|System: PC, PS3, Xbox 360|
|Release: MONTH DAY, 2010|
|Screen Resolution: 480p, 720p, 1080i, 1080p||ESRB RATING|
by Angelo M. D’Argenio
Painkiller is a relic from years gone by, a holdover from the days when circle-strafing and mindless gore ruled the PC first-person shooter market. Fans still have fond memories of using their stakethrower to pin their enemies to the wall and messing with their dead bodies using the rest of their ludicrous arsenal.
However, we have moved away from the era of Doom-style shooters and have entered an age where it’s apparently far more gratifying to shoot a terrorist in the face than it is to destroy all of Hell with nothing but your own manliness and a shotgun. So the question is, does Painkiller hold up in the face of more modern shooter expectations? The answer is yes, as Painkiller: Black Edition has sold quite well on Steam. However, The Farm 51 and Nordic Games have decided to take Painkiller one step further by releasing Painkiller: Hell & Damnation, otherwise known as Painkiller HD. Get it?
Yes, Hell & Damnation is yet another HD remake that leans heavily on its source material for sales. However, with the classic Black Edition easily acquirable through any digital distribution platform, is it really worth shelling out the extra bucks for the HD facelift?
The biggest upgrade to Painkiller HD is the game engine itself. Hell & Damnation runs on the Unreal 3 engine, which is a huge upgrade from the original PAIN Engine and Havok 2.0 physics. Unlike many other HD remakes, which smooth some textures and round out the edges of some polygons yet still look like they were made in an era of flat-faced robots of the uncanny valley, Painkiller HD really does upgrade its graphics for the modern day. It’s not the most graphically intense game out there (which is good, because that means older PCs can play it), but it’s certainly prettier than the original, and a huge step above every other HD remake on the market. So, if graphics are the only thing that matters to you, Painkiller HD is a must-buy.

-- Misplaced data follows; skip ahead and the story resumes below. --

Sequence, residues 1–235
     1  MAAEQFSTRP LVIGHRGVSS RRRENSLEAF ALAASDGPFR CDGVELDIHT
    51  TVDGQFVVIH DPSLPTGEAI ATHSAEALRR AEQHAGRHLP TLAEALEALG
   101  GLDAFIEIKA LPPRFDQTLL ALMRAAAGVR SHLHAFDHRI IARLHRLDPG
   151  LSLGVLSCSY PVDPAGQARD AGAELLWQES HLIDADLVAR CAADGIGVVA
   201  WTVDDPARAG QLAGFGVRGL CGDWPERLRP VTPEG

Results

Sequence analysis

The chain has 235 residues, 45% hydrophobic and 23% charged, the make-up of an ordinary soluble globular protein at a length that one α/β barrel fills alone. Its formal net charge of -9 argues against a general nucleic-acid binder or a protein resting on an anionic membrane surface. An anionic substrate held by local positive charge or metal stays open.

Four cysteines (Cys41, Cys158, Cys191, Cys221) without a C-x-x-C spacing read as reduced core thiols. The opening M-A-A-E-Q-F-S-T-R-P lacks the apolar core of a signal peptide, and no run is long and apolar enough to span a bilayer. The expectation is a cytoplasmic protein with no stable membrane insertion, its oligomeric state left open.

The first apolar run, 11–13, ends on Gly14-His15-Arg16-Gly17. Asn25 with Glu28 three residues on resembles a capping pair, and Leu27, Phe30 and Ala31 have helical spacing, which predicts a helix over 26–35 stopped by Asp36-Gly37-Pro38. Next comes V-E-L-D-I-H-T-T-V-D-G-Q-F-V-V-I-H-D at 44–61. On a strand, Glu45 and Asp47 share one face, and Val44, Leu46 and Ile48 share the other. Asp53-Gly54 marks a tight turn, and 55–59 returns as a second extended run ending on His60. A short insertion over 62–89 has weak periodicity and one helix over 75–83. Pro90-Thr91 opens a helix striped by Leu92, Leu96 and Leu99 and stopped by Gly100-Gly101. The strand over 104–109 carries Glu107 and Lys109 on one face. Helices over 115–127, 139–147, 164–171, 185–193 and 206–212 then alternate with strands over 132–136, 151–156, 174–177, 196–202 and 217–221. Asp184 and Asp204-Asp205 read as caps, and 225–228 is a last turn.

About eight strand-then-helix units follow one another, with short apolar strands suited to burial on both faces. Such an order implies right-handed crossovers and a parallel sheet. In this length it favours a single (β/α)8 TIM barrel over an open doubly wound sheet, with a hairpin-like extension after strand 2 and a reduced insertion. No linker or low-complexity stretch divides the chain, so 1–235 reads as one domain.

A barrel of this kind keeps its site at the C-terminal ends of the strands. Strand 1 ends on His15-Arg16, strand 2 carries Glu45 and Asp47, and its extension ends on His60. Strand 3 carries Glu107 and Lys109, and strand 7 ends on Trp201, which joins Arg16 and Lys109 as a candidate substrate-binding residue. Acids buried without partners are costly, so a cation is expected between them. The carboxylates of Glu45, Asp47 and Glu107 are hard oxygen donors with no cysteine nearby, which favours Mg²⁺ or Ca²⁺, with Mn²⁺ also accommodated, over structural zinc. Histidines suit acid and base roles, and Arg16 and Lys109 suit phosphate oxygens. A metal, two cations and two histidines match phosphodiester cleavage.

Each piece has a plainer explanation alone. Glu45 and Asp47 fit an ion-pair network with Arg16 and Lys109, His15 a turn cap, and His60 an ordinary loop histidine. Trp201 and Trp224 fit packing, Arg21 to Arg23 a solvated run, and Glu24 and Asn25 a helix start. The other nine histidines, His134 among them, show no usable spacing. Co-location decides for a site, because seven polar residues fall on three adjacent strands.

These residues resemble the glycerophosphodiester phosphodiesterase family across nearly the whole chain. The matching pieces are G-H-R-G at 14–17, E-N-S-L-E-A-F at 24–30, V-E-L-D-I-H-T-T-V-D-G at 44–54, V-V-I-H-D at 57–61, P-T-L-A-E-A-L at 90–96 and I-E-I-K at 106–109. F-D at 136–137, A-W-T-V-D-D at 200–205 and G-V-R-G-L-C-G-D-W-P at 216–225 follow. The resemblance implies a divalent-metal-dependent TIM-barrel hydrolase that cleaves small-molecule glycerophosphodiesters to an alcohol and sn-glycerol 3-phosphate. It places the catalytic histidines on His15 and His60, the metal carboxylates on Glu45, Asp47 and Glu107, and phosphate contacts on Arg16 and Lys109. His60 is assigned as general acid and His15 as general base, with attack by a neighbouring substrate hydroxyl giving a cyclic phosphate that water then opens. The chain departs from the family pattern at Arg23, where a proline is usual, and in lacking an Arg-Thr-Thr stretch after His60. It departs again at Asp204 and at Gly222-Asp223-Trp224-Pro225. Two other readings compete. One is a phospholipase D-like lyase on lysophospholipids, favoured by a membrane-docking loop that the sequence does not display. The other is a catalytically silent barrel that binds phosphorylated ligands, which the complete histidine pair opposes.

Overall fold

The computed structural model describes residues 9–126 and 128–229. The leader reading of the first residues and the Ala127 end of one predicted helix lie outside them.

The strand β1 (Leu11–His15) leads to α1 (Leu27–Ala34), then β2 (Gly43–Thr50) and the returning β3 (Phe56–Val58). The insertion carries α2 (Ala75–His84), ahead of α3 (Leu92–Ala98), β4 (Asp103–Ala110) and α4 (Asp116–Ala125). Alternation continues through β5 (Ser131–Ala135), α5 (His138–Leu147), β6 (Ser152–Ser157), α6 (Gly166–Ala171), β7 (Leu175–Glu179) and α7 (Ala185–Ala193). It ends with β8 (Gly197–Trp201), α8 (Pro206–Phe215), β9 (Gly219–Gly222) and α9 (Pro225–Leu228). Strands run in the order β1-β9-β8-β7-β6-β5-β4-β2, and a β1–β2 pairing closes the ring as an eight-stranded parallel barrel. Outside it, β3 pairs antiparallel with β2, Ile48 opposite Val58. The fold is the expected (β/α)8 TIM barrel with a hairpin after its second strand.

The story is the same old Painkiller schlock that worked so well all those years ago. Daniel Garner (voiced by forever awesome voice of Duke Nukem, Jon St. John) and his wife have died in an unexpected car crash. Wifeypoo goes to Heaven, but Daniel is stuck in Purgatory and is given a penance before he can ascend into Heaven. That penance? To murder all of Hell! Man, Purgatory is a rough gig.
The story has admittedly not held up over the years. While it’s told in a more cinematic style this time around, it’s still paper thin and feels like a cheesy 1980s horror/action hybrid movie. In fact, the story doesn’t really even matter in Painkiller HD’s levels, aside from giving you a thin framing for why you are shooting up the denizens of Hell. It likes to get out of the way and leave everything to gameplay, which is another issue the game has to wrestle with.
The best way to describe Painkiller HD’s gameplay is “fun but old.” It’s one of those old-timey twitch-based shooters that rewards circle-strafing, ammo management, and reflexes. Unfortunately, it feels as if these skills have been eroded by the aim-assist and cover-based shooting of newer releases like Call of Duty and Battlefield. It doesn’t help that Painkiller was a bit too difficult back when it first released, and that hasn’t changed. You’ll find yourself falling victim to any number of cheap deaths and nigh-unbeatable enemy hoards multiple times throughout the single-player campaign.
But, as I said before, the rampantly fast-fingered twitch shooter gameplay is still fun, and that’s partially due to the environment this all takes place in. Watching your enemies explode or ragdoll around the map after they are taken down is so much more satisfying in Unreal 3. Enemy bosses are so massive they give God of War’s monstrous foes a run for their money. Every press of the button causes another head to bloodily splat into a wall. It’s lowest-common-denominator, lizard-brain enjoyment.
As much as Painkiller HD looks like a new game, not a whole lot has changed in terms of overall mechanics. Most of your favorite weapons have come back, including the stakethrower, the shotgun, and, of course, the electrodriver, which fires needles and lightning. A new weapon that shoots sawblades and sucks souls has been introduced, but there really isn’t a whole lot new in terms of armaments beyond that.
Stages are also mostly the same. A couple have been omitted, but most of the same locales have been given a facelift for the HD version.